Oak Ridge engineers increased the system's computing power to a peak 1.64 petaflops -- one quadrillion mathematical calculations per second -- making Jaguar the world's first petaflop system dedicated to open, as opposed to classified, research. Scientists said they have already used the upgraded Jaguar to complete an unprecedented superconductivity calculation that achieved a sustained performance of more than 1.3 petaflops.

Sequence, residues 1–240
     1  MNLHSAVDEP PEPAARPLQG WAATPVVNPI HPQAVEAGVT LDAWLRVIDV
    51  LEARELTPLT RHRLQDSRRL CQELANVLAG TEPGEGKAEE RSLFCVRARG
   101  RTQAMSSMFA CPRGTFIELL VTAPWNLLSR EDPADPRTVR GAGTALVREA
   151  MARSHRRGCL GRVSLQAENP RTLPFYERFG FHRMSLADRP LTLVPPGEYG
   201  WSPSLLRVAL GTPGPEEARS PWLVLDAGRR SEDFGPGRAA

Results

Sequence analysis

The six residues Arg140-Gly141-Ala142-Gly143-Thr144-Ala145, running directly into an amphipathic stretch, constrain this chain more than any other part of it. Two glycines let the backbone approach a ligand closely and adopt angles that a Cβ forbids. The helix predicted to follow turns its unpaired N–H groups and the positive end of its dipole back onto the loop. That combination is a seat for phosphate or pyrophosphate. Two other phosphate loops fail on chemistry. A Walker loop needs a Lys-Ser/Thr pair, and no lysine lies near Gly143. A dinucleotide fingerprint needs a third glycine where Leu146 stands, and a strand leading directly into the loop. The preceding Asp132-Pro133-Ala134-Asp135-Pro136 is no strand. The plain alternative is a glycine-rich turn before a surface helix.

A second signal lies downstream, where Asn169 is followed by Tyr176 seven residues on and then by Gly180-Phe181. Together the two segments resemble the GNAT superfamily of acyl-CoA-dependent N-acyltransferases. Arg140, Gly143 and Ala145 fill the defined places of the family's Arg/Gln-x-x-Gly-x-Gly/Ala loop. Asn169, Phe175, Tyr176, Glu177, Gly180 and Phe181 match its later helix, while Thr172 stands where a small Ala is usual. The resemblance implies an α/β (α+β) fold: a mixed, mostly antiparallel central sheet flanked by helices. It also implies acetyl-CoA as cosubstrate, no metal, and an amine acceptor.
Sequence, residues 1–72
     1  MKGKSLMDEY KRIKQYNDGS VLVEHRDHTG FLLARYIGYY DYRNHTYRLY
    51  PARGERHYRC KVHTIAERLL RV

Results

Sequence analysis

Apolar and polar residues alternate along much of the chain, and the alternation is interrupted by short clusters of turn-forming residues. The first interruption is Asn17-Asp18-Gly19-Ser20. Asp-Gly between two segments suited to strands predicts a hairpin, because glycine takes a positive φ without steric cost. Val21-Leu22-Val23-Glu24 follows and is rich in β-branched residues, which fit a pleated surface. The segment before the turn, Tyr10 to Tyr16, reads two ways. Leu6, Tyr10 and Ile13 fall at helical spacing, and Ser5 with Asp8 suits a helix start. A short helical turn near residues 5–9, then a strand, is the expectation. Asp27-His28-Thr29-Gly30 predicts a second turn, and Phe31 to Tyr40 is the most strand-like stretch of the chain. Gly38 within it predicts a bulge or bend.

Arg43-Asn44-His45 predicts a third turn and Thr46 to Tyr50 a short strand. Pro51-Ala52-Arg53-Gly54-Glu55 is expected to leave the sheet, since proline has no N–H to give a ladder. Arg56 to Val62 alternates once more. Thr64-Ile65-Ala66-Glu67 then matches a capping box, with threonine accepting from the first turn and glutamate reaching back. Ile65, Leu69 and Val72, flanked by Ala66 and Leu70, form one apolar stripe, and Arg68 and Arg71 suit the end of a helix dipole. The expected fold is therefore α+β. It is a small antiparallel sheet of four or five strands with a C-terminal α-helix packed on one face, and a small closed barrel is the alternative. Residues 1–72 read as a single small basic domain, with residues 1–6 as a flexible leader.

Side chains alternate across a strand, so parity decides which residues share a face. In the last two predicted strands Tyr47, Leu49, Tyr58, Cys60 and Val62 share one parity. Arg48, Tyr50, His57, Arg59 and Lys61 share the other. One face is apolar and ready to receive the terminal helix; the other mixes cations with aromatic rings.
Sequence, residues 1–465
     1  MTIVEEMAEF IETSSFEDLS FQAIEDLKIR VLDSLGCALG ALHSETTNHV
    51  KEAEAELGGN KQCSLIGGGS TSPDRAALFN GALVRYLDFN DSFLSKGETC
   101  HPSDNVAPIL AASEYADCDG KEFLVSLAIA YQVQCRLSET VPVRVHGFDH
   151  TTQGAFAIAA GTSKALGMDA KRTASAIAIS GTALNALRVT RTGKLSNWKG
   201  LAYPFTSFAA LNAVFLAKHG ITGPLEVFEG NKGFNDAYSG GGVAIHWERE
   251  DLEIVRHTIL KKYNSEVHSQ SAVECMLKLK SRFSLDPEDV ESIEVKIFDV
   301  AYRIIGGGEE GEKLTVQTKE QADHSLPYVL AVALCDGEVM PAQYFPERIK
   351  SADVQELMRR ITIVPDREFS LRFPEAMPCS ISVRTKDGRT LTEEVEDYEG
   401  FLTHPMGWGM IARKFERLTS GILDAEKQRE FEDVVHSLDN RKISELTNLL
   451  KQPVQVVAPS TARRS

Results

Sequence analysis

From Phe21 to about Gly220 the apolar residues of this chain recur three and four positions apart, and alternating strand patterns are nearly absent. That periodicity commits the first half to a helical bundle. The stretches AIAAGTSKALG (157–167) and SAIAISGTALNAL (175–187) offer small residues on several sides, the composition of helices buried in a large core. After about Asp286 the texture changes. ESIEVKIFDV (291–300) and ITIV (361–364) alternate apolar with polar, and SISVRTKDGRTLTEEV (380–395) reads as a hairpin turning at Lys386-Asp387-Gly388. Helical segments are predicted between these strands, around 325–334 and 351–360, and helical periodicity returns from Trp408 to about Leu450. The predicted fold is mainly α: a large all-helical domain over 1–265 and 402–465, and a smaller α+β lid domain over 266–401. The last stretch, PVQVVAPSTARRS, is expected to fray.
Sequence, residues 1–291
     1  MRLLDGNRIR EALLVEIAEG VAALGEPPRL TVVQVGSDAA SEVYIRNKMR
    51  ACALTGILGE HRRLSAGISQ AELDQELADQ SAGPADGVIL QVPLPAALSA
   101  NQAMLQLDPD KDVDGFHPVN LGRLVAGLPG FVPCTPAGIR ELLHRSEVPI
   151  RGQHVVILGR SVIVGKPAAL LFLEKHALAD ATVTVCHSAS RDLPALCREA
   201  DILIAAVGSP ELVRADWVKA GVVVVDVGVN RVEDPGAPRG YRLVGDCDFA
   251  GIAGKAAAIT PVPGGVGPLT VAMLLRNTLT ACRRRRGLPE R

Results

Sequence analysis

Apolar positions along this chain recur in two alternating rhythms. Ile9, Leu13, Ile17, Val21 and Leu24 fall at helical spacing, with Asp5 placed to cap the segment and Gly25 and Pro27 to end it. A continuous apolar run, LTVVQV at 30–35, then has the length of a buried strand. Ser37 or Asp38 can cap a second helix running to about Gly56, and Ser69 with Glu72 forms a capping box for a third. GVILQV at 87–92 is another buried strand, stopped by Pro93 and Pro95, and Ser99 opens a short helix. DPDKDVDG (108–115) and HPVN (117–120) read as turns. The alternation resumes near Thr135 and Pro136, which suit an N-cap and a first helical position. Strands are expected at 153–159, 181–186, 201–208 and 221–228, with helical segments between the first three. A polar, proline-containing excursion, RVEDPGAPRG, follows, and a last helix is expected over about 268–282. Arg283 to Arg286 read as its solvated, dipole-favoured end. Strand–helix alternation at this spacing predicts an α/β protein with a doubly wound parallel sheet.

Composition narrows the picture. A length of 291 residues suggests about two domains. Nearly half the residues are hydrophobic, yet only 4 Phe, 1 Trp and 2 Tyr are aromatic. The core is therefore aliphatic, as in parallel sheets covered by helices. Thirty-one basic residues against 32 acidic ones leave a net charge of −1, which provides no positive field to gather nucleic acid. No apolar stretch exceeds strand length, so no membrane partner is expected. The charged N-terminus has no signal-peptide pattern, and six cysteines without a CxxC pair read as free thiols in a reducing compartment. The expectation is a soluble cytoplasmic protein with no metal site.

"Jaguar is one of science's newest and most formidable tools for advancement in science and engineering," said Dr. Raymond Orbach, the Energy Department's undersecretary for science. "It will enable researchers to simulate physical processes on a scale never seen before, and approach convergence for dynamical processes never thought possible."
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